Voluntary knuckle cracking is a common habit for between 25-45% of the adult population in the United States. Some people think it’s a harmless occurrence while others say it can cause arthritis in the hands. What does the available research say on the topic?
Before the late 1930s, researchers thought that only unhealthy joints cracked. But a study published in 1938 proved that cracking can also occur in normal joints. In 1947, scientists used radiography (x-rays) to visualize the cracking of the metacarpal phalangeal joint (large knuckle in hand). A slight separation occurred when a distracting force was applied. Once it reached a certain point, a cracking sound was heard when the joint space widened suddenly. This was followed by a twenty-minute period called the “refractory phase,” during which the joint gradually returned to its original resting position. Researchers described a “clear space” on the x-ray that they hypothesized to represent a vapor cavity or “bubble” arising from dissolved gas emitted from the synovial fluid.
However, a study published in 1971 refuted this finding with a conclusion that the formation of the clear space, or bubble, was not the source of joint cracking but rather, the crack was caused by the collapse of the bubble, which they felt could damage the surfaces adjacent to the bubble. Controversy continued over the years with some investigators claiming that joint cracking occurs through ligamentous recoil while others described an additional mechanism known as viscous adhesion, or tribonucleation. This is a process that occurs when two closely opposed surfaces are separated by a thin film of viscous fluid, and when rapidly distracted, viscous adhesion or tension between them releases, causing a negative pressure and creates a vapor cavity within fluid. More recently, a 2015 study using motion MRI found that joint cracking is associated with cavity inception rather than collapse of the bubble.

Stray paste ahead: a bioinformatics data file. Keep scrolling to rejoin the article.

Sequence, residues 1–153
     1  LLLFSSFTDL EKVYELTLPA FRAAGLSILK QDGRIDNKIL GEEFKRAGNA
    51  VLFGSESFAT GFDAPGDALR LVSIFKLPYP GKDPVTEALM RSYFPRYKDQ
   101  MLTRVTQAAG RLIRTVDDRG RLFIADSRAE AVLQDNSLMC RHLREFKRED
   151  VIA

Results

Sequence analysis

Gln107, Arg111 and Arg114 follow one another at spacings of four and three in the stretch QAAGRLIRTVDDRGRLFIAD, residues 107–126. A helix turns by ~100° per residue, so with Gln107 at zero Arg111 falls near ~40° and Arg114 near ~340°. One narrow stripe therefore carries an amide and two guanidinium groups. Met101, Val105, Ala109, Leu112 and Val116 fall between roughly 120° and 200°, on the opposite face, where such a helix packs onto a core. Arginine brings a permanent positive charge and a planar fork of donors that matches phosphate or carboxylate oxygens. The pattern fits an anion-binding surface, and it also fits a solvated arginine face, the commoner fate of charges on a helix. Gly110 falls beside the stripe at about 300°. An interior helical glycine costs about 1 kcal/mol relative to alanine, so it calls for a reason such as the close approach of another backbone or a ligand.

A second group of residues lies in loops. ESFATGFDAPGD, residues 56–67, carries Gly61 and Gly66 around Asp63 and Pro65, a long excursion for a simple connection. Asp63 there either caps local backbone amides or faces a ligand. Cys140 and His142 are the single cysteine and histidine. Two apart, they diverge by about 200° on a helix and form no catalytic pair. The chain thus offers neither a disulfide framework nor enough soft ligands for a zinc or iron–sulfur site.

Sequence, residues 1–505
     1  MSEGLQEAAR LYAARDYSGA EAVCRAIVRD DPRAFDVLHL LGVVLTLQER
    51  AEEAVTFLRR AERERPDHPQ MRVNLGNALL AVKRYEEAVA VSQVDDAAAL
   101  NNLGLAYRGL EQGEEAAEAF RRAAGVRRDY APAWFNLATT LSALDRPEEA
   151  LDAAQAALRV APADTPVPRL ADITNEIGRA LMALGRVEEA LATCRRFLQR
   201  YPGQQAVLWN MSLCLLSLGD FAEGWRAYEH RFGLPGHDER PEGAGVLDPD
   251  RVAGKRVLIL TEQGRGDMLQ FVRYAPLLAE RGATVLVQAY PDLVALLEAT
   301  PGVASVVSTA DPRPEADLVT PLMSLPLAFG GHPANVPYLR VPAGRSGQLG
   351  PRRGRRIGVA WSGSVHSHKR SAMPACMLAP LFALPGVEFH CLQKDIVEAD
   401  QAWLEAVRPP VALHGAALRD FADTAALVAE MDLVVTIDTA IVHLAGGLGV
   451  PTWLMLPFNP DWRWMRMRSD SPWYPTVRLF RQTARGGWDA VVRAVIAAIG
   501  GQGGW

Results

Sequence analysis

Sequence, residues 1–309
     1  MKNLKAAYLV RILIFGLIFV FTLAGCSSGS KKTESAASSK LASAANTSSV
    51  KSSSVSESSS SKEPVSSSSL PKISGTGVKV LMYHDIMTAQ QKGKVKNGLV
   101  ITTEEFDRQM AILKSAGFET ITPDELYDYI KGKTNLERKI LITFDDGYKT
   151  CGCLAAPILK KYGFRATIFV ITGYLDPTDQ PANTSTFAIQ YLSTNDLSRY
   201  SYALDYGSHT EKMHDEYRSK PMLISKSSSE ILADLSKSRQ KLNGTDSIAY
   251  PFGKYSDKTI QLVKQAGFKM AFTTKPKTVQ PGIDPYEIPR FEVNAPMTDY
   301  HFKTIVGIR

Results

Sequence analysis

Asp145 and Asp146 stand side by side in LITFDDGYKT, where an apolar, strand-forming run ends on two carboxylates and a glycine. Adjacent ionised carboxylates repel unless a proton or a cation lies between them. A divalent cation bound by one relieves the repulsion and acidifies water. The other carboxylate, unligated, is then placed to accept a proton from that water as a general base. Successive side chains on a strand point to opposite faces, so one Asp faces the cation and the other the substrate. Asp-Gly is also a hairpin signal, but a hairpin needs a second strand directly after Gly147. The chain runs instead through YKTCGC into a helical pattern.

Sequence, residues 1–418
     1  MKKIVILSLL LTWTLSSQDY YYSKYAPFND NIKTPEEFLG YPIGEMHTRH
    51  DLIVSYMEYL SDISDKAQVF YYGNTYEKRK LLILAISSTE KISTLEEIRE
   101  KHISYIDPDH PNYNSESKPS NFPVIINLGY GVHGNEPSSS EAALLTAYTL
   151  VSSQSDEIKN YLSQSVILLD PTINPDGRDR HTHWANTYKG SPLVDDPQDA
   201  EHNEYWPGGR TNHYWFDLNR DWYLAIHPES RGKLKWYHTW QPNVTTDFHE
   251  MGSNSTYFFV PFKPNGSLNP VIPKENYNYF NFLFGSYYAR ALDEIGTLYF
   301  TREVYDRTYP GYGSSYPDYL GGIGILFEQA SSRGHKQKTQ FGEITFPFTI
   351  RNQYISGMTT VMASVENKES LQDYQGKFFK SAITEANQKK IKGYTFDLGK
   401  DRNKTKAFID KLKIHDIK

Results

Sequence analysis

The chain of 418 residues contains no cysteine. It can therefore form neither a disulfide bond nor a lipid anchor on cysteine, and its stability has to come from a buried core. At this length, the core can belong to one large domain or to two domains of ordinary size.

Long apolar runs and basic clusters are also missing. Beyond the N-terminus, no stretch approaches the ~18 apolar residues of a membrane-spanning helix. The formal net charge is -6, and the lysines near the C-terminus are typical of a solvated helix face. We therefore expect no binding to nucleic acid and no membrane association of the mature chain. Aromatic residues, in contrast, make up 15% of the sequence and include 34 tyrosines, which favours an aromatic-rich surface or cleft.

A 1990 study that included 300 osteoarthritis patients with functional hand impairment found no difference in arthritic symptoms between habitual knuckle crackers and non-knuckle crackers. But, the researchers did observe that the patients in the knuckle cracker group were more prone to hand swelling and weaker grip strength. A pair of 2017 studies found no difference in grip strength between knuckle crackers and non-knuckle crackers in another set of hand osteoarthritis patients, but the patients in the knuckle cracking group did exhibit increased cartilage thickness and a slight increase in range of motion in these knuckle joints. There’s even a study published in 2011 that found habitual knuckle crackers may have a slightly lower risk for osteoarthritis of the hand.
In 1998, Dr. Donald Unger wrote that he spent a half-century cracking the knuckles of his left hand but never his right. After fifty years, he reported no arthritis or other problems in either hand, despite cracking the knuckles in his left hand over 36,500 times. Ultimately, it appears that habitual knuckle cracking is probably safe. That being said, if excessive knuckle cracking stimulates symptoms, then stop and talk to your doctor of chiropractic to see if a more serious condition may be at play or if it may be time to adopt a new habit.
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